Most religious people like to believe things that make them feel good about themselves. Most of us have heard stories about people literally cutting verses out of their Bibles with a pair of scissors because those particular verses made them uncomfortable. Even if they do not literally do this, in their mind they conveniently forget the portions of the Bible that might make them uncomfortable, or that might challenge them or loved ones to remove themselves from their present lifestyles. This mindset has made the “once-saved-always-saved” doctrine (A.K.A. “perseverance of the saints) a huge success in the religious world. This doctrine teaches that once a person is saved from his sins, he can never become lost in sin again. The word of God emphatically denies, time and again, the “once-saved-always-saved” doctrine (cf. Acts 1:25; 1 Cor. 9:27; Gal. 5:4; Heb. 4:11; 6:4-6; 2 Pet. 2:20-22; 2 John 8; Rev. 2:5; et al.). Bible believers have often been compelled to defend biblical truth in this regard in discussions with denominational friends.
Unfortunately, this defensive mindset has been carried to the far extreme by some, believing that a person cannot know he is saved while on this earth. I once had a discussion with a preacher who would not sing “When We All Get to Heaven,” but would always sing the words “When the Saved Get to Heaven” (to which some songbooks have changed the words to read). At first, I assumed he did not feel comfortable with singing “When We All Get to Heaven” because it might lead some in the assembly who were not saved to a false sense of security. However, his reasoning was in regard to his own perspective. He believed that he could not know for certain that he himself was saved at any particular point. His rationale seemed to be that it would be arrogant for one to presume to sing before the God of heaven and earth that he was saved when he might not be.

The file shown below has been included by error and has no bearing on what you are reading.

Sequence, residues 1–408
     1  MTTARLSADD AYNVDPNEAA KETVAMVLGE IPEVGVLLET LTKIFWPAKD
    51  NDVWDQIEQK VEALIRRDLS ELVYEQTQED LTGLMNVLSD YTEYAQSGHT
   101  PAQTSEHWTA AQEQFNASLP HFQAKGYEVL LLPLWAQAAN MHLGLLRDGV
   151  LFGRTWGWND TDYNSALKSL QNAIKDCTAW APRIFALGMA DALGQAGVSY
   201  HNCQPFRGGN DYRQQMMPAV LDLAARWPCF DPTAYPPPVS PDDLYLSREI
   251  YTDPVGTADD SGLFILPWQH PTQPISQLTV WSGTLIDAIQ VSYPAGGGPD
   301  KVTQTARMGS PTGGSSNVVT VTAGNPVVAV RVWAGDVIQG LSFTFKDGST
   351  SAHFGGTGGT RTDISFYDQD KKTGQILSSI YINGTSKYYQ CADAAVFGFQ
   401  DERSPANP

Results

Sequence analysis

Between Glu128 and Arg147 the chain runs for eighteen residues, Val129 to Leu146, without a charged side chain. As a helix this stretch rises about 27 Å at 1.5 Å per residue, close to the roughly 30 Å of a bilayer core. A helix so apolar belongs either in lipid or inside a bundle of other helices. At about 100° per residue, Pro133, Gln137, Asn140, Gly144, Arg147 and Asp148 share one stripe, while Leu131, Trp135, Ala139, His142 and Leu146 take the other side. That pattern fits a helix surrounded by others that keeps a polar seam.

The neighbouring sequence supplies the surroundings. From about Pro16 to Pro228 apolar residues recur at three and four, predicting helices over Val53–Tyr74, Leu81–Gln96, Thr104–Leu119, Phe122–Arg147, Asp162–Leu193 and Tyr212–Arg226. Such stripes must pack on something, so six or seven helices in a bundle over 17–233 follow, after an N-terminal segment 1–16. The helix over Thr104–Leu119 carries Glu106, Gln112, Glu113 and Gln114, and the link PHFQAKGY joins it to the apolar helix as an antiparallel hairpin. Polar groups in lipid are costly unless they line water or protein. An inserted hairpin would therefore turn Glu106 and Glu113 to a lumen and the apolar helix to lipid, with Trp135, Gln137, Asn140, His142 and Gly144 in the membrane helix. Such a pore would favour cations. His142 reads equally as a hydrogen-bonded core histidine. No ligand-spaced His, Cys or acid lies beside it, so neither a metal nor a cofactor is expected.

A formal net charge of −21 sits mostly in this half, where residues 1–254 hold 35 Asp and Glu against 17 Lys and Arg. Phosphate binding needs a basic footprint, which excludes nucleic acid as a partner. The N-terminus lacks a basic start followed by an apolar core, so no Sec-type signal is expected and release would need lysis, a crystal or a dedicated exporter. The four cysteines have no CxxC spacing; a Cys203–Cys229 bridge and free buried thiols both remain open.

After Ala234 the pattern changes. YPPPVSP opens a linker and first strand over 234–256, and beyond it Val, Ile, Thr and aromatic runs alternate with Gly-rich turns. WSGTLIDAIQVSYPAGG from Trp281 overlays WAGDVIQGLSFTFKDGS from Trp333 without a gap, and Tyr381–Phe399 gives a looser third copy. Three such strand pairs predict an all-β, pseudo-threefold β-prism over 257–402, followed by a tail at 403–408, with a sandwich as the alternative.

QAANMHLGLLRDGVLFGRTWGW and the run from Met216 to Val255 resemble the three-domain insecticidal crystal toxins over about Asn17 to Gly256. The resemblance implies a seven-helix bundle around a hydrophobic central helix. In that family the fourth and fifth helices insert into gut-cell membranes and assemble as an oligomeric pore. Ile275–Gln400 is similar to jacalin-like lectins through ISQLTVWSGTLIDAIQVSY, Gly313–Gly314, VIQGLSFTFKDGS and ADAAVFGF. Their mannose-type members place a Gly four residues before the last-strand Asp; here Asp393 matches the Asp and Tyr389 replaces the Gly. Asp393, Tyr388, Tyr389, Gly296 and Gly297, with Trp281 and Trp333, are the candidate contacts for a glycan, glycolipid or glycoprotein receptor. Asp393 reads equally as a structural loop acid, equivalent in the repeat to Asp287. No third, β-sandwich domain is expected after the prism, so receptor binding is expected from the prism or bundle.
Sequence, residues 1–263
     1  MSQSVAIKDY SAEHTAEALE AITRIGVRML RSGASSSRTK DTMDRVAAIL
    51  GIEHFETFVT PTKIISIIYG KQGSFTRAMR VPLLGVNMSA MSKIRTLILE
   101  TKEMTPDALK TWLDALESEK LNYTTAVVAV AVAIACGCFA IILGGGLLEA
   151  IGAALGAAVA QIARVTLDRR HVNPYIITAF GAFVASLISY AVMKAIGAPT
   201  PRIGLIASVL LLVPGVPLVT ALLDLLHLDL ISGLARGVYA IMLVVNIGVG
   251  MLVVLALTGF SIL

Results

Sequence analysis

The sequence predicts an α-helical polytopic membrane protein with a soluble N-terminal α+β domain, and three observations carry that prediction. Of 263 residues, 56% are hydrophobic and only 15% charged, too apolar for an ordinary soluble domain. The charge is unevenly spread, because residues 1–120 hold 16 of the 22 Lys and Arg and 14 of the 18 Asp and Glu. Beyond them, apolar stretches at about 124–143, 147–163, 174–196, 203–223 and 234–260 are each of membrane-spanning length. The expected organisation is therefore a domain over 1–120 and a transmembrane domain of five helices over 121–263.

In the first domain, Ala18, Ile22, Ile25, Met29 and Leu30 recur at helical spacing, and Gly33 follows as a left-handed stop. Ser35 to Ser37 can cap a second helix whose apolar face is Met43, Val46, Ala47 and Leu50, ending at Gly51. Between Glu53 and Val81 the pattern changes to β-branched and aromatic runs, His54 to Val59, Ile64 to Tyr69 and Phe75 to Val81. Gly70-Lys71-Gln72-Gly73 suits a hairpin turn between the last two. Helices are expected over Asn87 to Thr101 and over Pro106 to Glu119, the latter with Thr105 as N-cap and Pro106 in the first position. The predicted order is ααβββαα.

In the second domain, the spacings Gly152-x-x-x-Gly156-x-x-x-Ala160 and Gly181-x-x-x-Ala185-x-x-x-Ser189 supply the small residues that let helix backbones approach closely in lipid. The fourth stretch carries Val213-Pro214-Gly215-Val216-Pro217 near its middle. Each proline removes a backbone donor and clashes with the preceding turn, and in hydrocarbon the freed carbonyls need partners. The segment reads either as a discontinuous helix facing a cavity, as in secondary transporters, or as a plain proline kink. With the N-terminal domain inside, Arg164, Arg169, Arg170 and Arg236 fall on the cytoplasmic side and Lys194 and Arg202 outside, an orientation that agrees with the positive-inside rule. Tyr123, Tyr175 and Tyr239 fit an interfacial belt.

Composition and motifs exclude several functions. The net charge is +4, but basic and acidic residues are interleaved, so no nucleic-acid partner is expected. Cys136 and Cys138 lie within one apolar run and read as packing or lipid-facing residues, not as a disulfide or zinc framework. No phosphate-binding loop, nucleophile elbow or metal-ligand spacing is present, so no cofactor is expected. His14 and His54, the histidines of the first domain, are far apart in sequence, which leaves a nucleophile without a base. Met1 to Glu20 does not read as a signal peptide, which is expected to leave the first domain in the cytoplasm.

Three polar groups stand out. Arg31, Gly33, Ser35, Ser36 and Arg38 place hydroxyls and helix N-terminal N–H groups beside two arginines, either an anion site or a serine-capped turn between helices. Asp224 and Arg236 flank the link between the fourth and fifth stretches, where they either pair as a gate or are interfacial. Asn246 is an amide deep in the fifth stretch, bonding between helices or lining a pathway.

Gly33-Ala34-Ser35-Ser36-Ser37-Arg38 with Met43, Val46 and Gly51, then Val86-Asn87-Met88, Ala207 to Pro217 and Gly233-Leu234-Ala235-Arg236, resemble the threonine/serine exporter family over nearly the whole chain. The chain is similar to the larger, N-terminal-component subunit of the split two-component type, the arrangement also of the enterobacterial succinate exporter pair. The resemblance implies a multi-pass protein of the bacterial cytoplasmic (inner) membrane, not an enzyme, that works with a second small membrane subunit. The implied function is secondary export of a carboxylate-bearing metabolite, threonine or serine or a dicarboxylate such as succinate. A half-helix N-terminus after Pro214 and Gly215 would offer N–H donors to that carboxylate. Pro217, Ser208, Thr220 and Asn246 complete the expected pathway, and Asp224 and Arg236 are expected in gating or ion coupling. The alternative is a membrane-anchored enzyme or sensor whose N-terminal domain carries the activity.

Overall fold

“Nevertheless, what saith the scripture?” Jesus said,
My sheep hear my voice, and I know them, and they follow me: And I give unto them eternal life; and they shall never perish, neither shall any man pluck them out of my hand. My Father, which gave them me, is greater than all; and no man is able to pluck them out of my Father’s hand. I and my Father are one (John 10:27-30).
Some have erroneously attempted to force upon this passage that once a person becomes a child of God, he can never be lost. But notice certain attributes about Jesus’ “sheep” here discussed: (1) They hear Jesus’ voice; (2) They follow Jesus. If one ceases to hear or follow Jesus, he ceases to be provided the protection Jesus promises. A certain Baptist preacher with whom I had a discussion attempted to assert that “no man is able to pluck them out of my Father’s hand” included oneself. According to him, Jesus was saying that even if one wanted to be lost, he could not remove himself from God’s favor. Such a view would obviously contradict numerous biblical passages. And if “no man” automatically excludes oneself, Jesus contradicted Himself when He said, as recorded a few verses prior, “…I lay down my life, that I might take it again. No man taketh it from me, but I lay it down of myself” (John 10:17-18, emph. LM). Of course, Jesus did not contradict Himself. When he said “no man” He did not exclude Himself. If “no man” excluded oneself, Judas could not have fallen from grace— he could not have betrayed Jesus and the Scriptures could not have been fulfilled (Acts 1:16-17).